Steelcase is no doubt one of the world’s leading office furniture companies. The company is quite famous for its lineup of ergonomic office chairs. In this review, our focus is on these two: steelcase amia vs gesture.
These two chairs are undoubtedly one of the best on the market. Still, they have their differences. The main difference between Steelcase Amia and Gesture is that Amia has LiveLumbar and no headrest. But Gesture has a headrest and 3D LiveBack Technology.
This review will be a detailed comparison between Steelcase Amia and Gesture chairs. We will look at both chairs separately and then compare them side by side.
So, let’s get started!
The Amia is one of the most basic chairs in Steelcase’s lineup. But that doesn’t mean it is unimpressive. Far from it!
The Amia sports a versatile design for any work environment. It fits perfectly in your home office, workstation, and even the conference room. It is the perfect everyday chair that you can always rely on.
Let’s start with the LiveLumbar feature in the chair’s backrest. It is not your typical lumbar cushion. The LiveLumbar is a unit that flexes as your back moves on the chair. You can expect consistent low back support with this chair.
The chair is built for comfort with its highly adjustable armrest, seat depth and height, and flexible seat edge. The best part? Steelcase Amia has a lifetime warranty and a 10-year warranty on parts.
The Amia delivers the consistency and comfort you need as a full-time worker. If you are going long hours on your PC, you will do well with the Amia.
- Comfort: You’ll find the steelcase amia handy if you pull all-nighters regularly. The chair has a fully upholstered back and arms and a cozy foam that helps you relax better. It has a depth and height adjustment, so you can sit however you want
- LiveLumbar Technology: This gives you a nice flex when you lean against the backrest. The LiveLumbar provides consistent, dynamic support for your lower back. To get your ideal position, slide the two handles on the backrest to control the LiveLumbar.
- 4-way Adjustable Arms: The Amia chair features height, width, and depth adjustable arms. You can adjust the armrests in and out, back and forward, and up and down. With the adjustable arms, you can comfortably find the best position for your arms.
- Flexible Seat Edge: The outer seat edge is flexible. This means that the edges will flex to support your legs, regardless of your sitting position.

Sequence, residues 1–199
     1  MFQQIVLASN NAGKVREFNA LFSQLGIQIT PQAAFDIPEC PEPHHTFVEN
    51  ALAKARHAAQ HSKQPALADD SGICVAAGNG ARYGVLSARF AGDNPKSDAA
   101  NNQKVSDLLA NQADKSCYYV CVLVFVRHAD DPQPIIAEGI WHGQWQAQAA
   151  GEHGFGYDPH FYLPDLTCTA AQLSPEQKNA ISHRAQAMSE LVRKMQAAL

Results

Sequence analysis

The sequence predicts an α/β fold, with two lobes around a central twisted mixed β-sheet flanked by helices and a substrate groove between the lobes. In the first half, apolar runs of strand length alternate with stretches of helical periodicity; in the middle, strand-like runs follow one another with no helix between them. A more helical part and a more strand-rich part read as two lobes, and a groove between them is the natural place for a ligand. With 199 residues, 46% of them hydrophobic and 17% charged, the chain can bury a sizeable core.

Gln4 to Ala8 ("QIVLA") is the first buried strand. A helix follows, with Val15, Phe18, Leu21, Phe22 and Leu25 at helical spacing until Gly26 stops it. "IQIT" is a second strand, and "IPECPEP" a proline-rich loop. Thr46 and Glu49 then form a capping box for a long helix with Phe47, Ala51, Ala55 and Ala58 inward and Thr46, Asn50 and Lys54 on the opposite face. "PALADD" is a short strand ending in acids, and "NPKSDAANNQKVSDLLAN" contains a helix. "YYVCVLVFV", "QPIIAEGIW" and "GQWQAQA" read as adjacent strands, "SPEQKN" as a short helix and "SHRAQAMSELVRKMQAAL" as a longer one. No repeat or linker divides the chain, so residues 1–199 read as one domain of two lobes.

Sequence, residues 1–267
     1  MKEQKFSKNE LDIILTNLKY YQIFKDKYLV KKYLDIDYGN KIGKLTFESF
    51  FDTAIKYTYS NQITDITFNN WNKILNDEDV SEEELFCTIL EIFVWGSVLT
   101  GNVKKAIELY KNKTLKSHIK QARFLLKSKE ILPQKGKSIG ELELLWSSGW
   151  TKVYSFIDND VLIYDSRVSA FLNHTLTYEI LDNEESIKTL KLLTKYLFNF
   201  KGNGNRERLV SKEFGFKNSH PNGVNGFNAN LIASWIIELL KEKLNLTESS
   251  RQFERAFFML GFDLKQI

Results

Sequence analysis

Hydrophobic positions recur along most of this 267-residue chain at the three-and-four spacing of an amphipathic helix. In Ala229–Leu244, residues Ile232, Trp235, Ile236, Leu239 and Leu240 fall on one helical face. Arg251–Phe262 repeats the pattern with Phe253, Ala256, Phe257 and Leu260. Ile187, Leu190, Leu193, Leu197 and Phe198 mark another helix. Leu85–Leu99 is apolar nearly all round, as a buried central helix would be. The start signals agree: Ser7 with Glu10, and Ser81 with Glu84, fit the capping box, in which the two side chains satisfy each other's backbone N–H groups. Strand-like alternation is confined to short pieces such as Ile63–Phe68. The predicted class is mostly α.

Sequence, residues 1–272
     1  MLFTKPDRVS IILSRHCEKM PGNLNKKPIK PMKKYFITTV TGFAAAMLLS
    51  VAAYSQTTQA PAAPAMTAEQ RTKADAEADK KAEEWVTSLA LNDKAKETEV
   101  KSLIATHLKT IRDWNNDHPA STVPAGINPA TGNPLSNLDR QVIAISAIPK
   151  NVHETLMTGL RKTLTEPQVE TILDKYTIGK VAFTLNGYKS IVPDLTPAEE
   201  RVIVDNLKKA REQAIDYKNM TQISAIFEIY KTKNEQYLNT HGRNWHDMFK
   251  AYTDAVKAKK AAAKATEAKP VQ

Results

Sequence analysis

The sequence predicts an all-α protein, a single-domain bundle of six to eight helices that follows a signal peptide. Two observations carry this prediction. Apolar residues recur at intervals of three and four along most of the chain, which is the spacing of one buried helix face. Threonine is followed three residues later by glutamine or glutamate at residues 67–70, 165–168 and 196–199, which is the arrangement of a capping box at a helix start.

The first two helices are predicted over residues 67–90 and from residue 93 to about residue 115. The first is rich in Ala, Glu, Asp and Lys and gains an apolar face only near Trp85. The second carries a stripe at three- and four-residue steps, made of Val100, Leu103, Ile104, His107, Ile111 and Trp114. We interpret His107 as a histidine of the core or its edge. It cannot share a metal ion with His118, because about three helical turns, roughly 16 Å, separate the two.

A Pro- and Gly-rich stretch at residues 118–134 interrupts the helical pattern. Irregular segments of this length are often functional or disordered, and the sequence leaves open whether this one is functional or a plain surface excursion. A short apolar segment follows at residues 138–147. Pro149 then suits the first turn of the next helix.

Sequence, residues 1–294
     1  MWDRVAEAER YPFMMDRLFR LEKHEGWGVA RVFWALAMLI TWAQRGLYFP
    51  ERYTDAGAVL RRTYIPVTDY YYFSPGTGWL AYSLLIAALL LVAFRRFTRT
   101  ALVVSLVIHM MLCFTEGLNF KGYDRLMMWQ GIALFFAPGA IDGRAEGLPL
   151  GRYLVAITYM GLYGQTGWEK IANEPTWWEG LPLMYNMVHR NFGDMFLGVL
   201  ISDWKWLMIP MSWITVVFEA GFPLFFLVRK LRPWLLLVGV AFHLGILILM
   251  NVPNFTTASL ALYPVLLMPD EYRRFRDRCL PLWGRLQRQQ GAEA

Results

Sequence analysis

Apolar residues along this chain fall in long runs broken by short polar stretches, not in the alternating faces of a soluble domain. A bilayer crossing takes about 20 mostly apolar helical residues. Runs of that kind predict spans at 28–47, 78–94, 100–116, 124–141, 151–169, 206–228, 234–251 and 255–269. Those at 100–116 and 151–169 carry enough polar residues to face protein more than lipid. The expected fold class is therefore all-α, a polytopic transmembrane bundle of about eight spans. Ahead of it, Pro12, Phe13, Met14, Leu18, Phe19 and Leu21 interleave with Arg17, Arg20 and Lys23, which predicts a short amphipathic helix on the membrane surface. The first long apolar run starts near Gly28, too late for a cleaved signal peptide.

- Fabric Upholstery: Unlike most office chairs covered with leather, steelcase amia has a fabric covering. The fabric covering retains minimal heat, making you more comfortable all day. Say goodbye to the stickiness of your chair in the summer.
- Price: The Steelcase Amia offers excellent value for money. It is not your everyday regular-priced chair. Still coming from Steelcase with its handy features, the Amia is an affordable office chair.
- The chair does not come with a headrest, nor is there an option to attach one to the chair.
- It has a limited recline function. You can’t lock the recline at different angles. It can only lock in a fully upright position.
The Gesture is a premium Steelcase office chair. It is a chair made for any task, anyone, and everyone. It has a wide range of adjustments to support long periods of PC work. And if you are a full-time computer user, you will discover what I’m talking about.
The Gesture is designed with a high-density, contoured seat foam with built-in air pockets. The air pockets reduce the pressure that comes with long-term sitting. So you won’t get that sinking feeling when you sit for a long time. The chair’s premium foam and air pockets work to prop you up for hours comfortably.
The Gesture’s 3D LiveBack Technology is arguably the best ultimate lumbar support on the market. This adaptive technology flexes and mimics your spine’s movement as you change postures.
Also, the backrest has a contoured shape that helps to align your spine in its natural S-shape. Just know that you will get plenty of back support with this chair.
The chair is designed with 4D articulating arms with a full range of motion. This is perfect if you spend long hours on your computer or switching between devices. The armrests will provide a lot of support to keep your arms up comfortably.
- Comfort/Back Support: The Gesture’s backrest and seat provide long-term back as they move synchronously to your body throughout the day.
- Casters: The Gesture is available in two options, carpet casters, and hard-floor casters. This means you can get a Gesture chair based on the type of flooring in your home. So, you can get wheels for carpet flooring or hard flooring.
- Recline Tension Control: Steelcase’s Gesture has a 4-position recline lock, meaning you can ‘lock’ the recline position in 4 stops. Now you can relax in any position you desire.
- Flexible Seat Edge: The entire outer edge of the seat is flexible. It has a bit of a bend that makes the edges flex to relieve pressure points under your thighs caused by hard plastic and wood edges. With this, you get leg support no matter your sitting position.
- 4D 360-Degree Rotating Armrests: The Gesture has 4D highly adjustable arms. They can be adjusted in any dimension; up and down, forward and back, and sideways. Apart from that, you can rotate them 360 degrees to get the ideal position for your arms.
- Height and Depth Adjustment: You can adjust this chair to your desired height and depth. It will accommodate you however you wish.
- Headrest: The Gesture comes with a headrest, perfect for anyone looking for extra support for their neck and head.
- Warranty: The Gesture is fully backed by Steelcase’s 12-year warranty.
- Weighing 76 pounds, the Steelcase Gesture may be harder to assemble as it is quite heavy.
Here is a glance at the Steelcase Amia and Gesture.
|Specifications||Steelcase Amia||Steelcase Gesture|
|Dimensions||24.75 x 26.63 x 42.5||23.63 x 34.63 x57|
|Ergonomics||LiveLumbar System, 4 Way Adjustable Arms.||Headrest, 3D LiveBack Technology, 360 Degree Rotating Arms, 4-Position Recline Lock.|
|Item Weight||54.5 pounds||76 pounds|
|Weight Capacity||400 pounds||400 pounds|
|Seat Material Type||Plastic||Wood|
|Warranty||10 years||12 years|